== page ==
jkeyes1000 wrote:I believe I mentioned to you (or someone in the forum) that some sott of subtetfuge is necessary in order to cteate an illusion, and thst most people are aware of the traditional kinds of deception (if not the precise means), such as mechanisms and manual dexterity.
It may welll be that some folks resent sleight of hand as much as mendacity, but I doubt it. Because they know about contraptions and legerdrmain, they accept that you employ them. I also grant that many may already suspect that you lie and accept that.
and the briefest study of magic reveals that lying is one of the traditional kinds of deception, along with machanisms and dexterity. What you ignore is that using an action to misrepresent the truth is no different from using dexterity to do the same, especially when you factor in the crucial (which you said yourself) element of intent
so now we establish that there is no evidence to suggest the audience cares. in fact it appears as if you concede they likely expect lying.
but you beg the question - how would they know you lied unless you are incompetent?
But lying is unnecessary.
and so is using sleight of hand when a gimmick would work. as michael weber said, sometimes the shortest distance between two points is a straight lie.
if the lie gets the job done as well or better than a sleight or a gaff, then why not use it? if it actually does work as well, the audience won't know anyway, right?
jkeyes1000 wrote: And as Mark has said above, nobody likes being lied to directly. It is very offensive. It is likely to be perceived as a selfish attempt to guard your secrets (a fair guess), and not as a pleasant diversion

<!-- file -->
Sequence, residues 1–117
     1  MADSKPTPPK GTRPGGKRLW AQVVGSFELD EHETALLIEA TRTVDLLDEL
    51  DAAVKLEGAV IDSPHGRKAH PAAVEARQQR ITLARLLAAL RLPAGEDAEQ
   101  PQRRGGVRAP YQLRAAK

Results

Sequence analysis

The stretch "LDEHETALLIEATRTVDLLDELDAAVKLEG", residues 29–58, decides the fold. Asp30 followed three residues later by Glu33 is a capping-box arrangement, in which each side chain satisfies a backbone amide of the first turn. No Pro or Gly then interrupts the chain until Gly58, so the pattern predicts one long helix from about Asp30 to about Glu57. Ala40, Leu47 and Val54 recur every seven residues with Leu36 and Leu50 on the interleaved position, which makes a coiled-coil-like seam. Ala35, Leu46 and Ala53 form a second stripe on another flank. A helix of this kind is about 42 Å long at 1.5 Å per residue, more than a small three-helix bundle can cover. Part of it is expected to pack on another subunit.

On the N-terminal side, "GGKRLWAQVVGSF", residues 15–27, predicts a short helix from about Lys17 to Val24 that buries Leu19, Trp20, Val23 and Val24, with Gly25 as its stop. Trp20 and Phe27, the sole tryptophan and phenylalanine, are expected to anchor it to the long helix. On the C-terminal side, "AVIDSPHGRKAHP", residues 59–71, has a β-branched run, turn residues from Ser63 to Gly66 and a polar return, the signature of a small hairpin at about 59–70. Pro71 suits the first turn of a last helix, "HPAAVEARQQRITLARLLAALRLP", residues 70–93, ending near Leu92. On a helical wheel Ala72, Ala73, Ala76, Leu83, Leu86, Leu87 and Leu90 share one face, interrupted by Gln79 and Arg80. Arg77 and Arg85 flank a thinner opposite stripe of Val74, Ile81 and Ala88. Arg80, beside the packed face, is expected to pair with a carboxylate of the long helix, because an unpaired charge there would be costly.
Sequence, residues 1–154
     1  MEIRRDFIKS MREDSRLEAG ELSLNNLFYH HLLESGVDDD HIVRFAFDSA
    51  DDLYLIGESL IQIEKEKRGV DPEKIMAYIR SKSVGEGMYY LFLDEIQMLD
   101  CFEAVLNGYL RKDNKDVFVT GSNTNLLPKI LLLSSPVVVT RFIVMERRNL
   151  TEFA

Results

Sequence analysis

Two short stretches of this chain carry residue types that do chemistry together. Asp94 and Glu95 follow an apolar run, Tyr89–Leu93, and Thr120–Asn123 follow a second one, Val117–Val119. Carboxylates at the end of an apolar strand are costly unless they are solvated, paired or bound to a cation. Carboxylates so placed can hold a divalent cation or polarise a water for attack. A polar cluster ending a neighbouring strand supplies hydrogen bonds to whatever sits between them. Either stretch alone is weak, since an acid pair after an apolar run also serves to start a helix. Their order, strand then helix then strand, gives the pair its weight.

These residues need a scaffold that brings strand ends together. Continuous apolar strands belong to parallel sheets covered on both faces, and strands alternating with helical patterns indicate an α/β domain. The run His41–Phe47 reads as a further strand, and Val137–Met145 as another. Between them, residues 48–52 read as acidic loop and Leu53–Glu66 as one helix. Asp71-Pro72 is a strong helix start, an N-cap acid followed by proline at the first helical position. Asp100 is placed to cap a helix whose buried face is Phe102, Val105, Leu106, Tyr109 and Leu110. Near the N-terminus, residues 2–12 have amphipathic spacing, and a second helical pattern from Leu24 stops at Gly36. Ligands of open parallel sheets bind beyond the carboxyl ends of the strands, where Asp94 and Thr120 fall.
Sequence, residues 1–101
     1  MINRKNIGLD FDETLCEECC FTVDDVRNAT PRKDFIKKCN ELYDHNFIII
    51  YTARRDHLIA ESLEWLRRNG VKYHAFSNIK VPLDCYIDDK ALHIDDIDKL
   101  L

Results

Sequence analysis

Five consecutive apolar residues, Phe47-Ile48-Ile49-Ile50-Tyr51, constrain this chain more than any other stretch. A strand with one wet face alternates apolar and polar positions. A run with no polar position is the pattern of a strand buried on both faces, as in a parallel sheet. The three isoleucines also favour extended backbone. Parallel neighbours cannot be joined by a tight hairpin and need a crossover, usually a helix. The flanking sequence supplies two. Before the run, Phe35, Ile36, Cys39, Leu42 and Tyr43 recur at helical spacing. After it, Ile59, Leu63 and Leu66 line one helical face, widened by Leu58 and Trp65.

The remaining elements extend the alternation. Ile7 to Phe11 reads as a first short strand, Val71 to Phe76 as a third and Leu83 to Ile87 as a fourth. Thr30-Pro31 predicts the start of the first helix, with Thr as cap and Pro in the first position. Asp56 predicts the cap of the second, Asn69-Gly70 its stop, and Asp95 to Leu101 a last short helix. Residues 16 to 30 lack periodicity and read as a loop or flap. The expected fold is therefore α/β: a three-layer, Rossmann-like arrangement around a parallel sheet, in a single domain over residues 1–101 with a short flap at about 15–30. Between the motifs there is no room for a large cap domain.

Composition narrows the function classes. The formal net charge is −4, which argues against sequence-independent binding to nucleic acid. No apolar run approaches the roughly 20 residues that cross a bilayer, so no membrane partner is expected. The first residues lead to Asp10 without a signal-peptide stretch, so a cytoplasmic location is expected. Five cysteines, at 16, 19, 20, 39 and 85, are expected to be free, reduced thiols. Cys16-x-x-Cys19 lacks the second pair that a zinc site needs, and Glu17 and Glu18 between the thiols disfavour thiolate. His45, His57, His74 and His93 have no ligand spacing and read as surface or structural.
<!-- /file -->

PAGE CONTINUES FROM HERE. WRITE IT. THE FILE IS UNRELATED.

and how would they know they were lied to unless you are incompetent and fail as a magician? what makes you think that once they see your failure they will care that you lied to them any more than how much they care that they saw the ball in your hand or the mirror in the box?
but you said the goal of magic was to present illusions so the audience could try to figure them out. not me. and you labeled your video 'can you figure out how it was done' or something like that.
if you don't want the audience to care about secrets don't make them the focus of everything you are doing!
if the audience cares about your secrets then you aren't giving them an experience more valuable than that of a puzzler.
and why shouldn't we guard secrets, selfishly or otherwise? and once again i ask, how do they know you were lying and 'guarding secrets' unless you are incompetant?
What I would say if someone asked me whether the rainwater was aqua pura, is, "Well I presume so! Ask that gentlemsn over there."
and he would taste it and say - no it's not. He's a liar. that's not rain water
and then you get into the exchange which i presented, you would say you aren't a liar because you never uttered the words and he would say " but it's not water. " either case, you fail to produce a magic effect. you will be labeled a bad magician.
again you managed to establish nothing nor answer any objections. you just repeat yourself.
but i will give you some advice:
you have the method backwards. the wine should be in the vase with the flowers. this would help color both the discoloration and smell. pick a fragrant flower. the vase being in the room the whole time will have the effect of dulling their sense of smell.
when someone brings in a bucket of wine, everyone in the room will know it. plus you now no longer need to worry if the guy will smell it or spill it on his clothes - and you don't have the ridiculous situation of asking for a rain bucket. i don't know anyone who has one.
they find the bucket and can even fill it with tap water. the bucket should be too small though so your pitcher isn't filled. pouring in the yellowish water or the flowers now makes sense - it's an impromptu solution to get to the correct level
but they still need to taste it and i wouldn't want it to drink flower water. both our methods have that same problem.